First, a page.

The fitbit allows you to log activity any time during the day. Actually, I found this part a little weird. Although I really like the idea of being able to 'correct' inaccurate readings - like when I'm biking or skating, I also had to log my runs - even though it knew that I was performing vigorous activity. So, when I log my run, instead of burning 35 calories every 5 minutes, it jumped to 54 calories per minute. Additionally, I needed to know my running pace (which I don't). When I guessed, it estimated that I burned an incredibly high number of calories! So, I had to futz with it.
Now, here's where the fitbit really breaks down for me: Me futzing with it, is one thing, but a user who isn't as aware of his/her level of effort, might really overestimate the number of calories that the activity truly burned. Because the bodybugg has 4 sensors & the fitbit only has one, in my opinion, it is a really smart pedometer.
One other piece that breaks down for me with the fitbit (and this goes for heart rate monitors too) is that neither consider body composition. Two women weighing 150 lbs can burn very different numbers based on body fat levels (30% versus 17%: the woman with lower bodyfat will burn more calories at rest and during exercise because she has a higher body composition of muscle). With the bodybugg, a user doesn't have to know his/her bodyfat percent, but because the bodybugg has a body temperature sensor (muscle has a higher temperature than fat) it is accurate in spite of the user's entered bodyfat percent.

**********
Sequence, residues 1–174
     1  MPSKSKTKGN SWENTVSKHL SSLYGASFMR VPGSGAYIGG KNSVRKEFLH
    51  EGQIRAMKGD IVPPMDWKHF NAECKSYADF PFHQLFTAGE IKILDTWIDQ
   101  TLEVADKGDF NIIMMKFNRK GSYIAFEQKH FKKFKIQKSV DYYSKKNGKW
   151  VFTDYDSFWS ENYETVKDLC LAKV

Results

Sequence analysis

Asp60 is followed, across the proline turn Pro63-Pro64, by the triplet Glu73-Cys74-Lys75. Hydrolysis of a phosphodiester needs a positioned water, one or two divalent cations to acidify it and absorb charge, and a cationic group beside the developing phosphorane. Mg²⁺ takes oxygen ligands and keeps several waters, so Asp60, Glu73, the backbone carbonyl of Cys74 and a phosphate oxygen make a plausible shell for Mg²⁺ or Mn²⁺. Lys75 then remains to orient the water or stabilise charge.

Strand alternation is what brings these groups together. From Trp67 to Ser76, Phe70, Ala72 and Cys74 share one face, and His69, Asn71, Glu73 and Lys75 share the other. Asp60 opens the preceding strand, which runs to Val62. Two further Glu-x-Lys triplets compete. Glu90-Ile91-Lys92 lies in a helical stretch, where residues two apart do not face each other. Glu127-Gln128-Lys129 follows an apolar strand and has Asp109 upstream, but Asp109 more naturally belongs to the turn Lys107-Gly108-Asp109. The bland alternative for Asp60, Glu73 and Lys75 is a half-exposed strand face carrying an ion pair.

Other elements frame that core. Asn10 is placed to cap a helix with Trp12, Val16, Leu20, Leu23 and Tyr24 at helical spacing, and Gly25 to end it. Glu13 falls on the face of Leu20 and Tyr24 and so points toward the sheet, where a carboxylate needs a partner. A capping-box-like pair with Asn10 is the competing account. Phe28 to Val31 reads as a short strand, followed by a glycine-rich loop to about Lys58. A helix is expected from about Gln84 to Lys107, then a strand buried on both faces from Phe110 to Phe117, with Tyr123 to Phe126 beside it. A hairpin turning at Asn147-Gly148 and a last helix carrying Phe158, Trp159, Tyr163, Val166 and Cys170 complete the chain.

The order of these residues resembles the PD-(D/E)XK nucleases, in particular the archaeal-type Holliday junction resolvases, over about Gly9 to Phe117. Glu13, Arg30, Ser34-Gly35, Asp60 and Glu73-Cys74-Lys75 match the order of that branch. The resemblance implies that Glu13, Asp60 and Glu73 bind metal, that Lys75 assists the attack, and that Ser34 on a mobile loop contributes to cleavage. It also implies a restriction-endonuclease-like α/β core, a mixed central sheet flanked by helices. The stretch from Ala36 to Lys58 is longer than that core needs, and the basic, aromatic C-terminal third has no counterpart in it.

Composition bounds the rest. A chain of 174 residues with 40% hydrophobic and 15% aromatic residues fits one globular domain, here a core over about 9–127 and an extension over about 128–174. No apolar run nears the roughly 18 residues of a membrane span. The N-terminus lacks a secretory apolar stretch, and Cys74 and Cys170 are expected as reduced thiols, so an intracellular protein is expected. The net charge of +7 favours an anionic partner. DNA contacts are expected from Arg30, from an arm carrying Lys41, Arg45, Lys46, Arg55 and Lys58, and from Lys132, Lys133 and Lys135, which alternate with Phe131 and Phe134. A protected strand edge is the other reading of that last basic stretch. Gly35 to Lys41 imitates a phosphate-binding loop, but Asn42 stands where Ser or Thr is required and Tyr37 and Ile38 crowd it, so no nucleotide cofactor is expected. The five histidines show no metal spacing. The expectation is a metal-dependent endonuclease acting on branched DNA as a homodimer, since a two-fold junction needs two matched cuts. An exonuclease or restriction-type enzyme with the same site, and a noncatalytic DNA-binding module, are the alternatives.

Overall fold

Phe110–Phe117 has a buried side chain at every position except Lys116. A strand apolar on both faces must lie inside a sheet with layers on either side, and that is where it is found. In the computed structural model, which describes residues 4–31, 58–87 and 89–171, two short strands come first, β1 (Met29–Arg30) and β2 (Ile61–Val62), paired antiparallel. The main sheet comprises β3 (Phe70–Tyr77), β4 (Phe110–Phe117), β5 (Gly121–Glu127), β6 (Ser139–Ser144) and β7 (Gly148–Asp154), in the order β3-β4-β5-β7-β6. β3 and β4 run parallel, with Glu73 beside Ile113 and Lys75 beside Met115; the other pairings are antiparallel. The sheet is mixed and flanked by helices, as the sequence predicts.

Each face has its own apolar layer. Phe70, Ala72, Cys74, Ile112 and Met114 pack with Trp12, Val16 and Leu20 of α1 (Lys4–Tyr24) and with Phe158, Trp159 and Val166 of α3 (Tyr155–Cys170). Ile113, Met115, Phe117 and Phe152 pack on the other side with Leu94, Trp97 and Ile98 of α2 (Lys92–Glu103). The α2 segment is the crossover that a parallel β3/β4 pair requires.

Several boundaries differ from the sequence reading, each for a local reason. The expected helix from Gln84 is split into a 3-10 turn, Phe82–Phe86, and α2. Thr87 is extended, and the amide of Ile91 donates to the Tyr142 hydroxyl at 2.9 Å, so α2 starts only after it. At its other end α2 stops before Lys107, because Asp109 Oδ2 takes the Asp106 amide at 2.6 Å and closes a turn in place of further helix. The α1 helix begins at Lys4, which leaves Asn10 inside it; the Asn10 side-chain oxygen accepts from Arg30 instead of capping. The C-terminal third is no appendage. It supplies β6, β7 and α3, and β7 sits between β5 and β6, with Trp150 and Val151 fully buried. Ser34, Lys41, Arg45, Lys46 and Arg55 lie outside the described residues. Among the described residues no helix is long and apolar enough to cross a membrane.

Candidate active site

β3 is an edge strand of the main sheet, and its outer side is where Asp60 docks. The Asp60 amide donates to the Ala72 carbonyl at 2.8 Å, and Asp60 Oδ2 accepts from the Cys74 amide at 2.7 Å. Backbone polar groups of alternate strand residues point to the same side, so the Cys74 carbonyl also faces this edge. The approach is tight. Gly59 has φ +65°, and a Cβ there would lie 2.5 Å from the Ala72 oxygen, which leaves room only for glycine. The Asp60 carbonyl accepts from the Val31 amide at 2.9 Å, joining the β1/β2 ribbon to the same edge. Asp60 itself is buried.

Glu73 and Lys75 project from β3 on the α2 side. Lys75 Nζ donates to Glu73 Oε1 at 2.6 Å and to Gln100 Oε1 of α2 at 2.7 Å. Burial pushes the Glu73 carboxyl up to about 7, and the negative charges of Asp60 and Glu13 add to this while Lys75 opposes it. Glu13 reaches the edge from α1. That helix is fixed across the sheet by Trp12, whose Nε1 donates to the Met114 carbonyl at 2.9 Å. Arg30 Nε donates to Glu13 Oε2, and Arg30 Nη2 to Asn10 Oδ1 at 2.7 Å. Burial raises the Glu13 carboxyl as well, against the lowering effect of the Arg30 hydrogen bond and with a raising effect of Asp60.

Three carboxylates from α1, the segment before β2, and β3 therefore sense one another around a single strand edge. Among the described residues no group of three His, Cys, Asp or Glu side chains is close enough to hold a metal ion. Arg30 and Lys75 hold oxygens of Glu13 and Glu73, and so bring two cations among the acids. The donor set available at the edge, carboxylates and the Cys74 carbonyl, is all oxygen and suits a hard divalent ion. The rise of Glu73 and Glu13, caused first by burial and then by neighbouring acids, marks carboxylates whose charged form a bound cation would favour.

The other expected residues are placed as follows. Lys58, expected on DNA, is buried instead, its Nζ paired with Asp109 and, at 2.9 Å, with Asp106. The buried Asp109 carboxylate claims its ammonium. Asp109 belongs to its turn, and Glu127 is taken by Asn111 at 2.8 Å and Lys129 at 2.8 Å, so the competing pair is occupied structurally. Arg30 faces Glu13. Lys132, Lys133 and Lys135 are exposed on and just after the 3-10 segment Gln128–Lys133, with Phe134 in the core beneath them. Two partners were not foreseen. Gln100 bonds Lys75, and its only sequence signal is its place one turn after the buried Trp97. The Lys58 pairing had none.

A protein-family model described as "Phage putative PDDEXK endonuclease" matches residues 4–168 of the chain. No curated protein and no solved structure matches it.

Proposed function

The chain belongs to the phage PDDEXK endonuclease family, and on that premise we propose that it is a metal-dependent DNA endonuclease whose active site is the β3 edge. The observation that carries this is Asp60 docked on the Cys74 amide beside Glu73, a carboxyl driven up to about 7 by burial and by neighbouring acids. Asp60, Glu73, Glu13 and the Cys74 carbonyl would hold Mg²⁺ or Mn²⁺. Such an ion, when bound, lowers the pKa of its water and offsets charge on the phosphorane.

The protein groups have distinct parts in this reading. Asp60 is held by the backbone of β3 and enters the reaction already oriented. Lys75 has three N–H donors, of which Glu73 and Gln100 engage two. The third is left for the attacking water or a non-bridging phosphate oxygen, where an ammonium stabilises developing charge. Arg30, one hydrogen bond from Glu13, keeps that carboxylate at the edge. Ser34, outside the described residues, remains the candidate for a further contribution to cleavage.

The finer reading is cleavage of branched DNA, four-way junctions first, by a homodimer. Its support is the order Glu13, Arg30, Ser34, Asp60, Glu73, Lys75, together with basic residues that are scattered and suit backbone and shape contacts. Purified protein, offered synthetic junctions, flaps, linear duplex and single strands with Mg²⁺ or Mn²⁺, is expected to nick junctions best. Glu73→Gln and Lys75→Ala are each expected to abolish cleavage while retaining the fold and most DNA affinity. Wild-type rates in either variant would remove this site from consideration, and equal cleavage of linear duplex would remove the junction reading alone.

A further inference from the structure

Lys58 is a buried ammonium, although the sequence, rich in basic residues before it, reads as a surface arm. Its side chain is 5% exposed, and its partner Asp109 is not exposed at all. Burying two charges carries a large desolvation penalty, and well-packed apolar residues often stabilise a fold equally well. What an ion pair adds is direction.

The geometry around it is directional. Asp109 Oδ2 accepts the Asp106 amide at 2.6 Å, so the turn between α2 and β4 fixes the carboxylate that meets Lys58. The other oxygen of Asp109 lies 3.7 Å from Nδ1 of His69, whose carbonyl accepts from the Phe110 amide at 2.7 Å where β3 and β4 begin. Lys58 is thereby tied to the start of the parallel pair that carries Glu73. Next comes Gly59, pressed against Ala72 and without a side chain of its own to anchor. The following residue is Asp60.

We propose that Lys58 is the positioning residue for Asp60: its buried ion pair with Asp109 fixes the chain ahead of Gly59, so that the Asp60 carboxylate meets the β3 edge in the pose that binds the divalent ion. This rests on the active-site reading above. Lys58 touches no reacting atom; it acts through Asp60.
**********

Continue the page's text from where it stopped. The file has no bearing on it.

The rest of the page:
While the CDC estimates that 67% of Americans are either overweight or obese & 56% want to lose weight , I'm focusing on weight loss with the review of these tools, because in my experience, that's what most people are looking to these tools to help them accomplish.
Accuracy is crucial when it comes to the success of these tools; Lots of folks are successful with losing weight, but not many have figured out how to maintain that weight loss. Accuracy is important because the tool shows exactly the number of calories a person needs to eat in order to maintain their weight loss and activity level. Because 95% of folks who lose weight, regain that lost weight, it shows us that as a nation, we're alright on the losing part - where we need help is on the maintaining side. If I don't know how many calories I'm burning, I don't know how many calories I can eat in order to maintain my weight loss.
Although the fitbit activity graphing display is a little nicer, In my opinion, the bodybugg is the clear winner in this round.